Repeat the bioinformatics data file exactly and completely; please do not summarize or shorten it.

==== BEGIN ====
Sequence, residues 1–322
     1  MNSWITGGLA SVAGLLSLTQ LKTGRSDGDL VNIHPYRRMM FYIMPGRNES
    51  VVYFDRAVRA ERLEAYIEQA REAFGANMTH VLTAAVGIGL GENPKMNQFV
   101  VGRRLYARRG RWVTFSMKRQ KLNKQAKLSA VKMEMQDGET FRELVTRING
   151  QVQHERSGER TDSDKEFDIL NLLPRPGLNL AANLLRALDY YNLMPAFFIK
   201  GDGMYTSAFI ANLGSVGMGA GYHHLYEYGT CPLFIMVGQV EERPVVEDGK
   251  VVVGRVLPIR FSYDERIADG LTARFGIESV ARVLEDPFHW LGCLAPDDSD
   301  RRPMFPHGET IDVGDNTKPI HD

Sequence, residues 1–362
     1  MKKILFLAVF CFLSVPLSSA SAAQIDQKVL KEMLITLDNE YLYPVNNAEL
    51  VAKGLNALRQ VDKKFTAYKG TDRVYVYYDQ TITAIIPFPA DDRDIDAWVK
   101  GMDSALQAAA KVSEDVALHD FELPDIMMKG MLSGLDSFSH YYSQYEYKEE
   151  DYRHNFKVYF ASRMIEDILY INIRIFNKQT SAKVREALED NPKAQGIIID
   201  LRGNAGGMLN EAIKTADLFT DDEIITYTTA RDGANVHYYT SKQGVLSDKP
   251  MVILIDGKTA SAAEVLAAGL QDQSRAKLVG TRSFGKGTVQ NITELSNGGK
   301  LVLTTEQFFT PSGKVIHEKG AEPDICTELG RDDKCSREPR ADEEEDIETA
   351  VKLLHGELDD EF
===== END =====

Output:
Sequence, residues 1–322
     1  MNSWITGGLA SVAGLLSLTQ LKTGRSDGDL VNIHPYRRMM FYIMPGRNES
    51  VVYFDRAVRA ERLEAYIEQA REAFGANMTH VLTAAVGIGL GENPKMNQFV
   101  VGRRLYARRG RWVTFSMKRQ KLNKQAKLSA VKMEMQDGET FRELVTRING
   151  QVQHERSGER TDSDKEFDIL NLLPRPGLNL AANLLRALDY YNLMPAFFIK
   201  GDGMYTSAFI ANLGSVGMGA GYHHLYEYGT CPLFIMVGQV EERPVVEDGK
   251  VVVGRVLPIR FSYDERIADG LTARFGIESV ARVLEDPFHW LGCLAPDDSD
   301  RRPMFPHGET IDVGDNTKPI HD

Sequence, residues 1–362
     1  MKKILFLAVF CFLSVPLSSA SAAQIDQKVL KEMLITLDNE YLYPVNNAEL
    51  VAKGLNALRQ VDKKFTAYKG TDRVYVYYDQ TITAIIPFPA DDRDIDAWVK
   101  GMDSALQAAA KVSEDVALHD FELPDIMMKG MLSGLDSFSH YYSQYEYKEE
   151  DYRHNFKVYF ASRMIEDILY INIRIFNKQT SAKVREALED NPKAQGIIID
   201  LRGNAGGMLN EAIKTADLFT DDEIITYTTA RDGANVHYYT SKQGVLSDKP
   251  MVILIDGKTA SAAEVLAAGL QDQSRAKLVG TRSFGKGTVQ NITELSNGGK
   301  LVLTTEQFFT PSGKVIHEKG AEPDICTELG RDDKCSREPR ADEEEDIETA
   351  VKLLHGELDD EF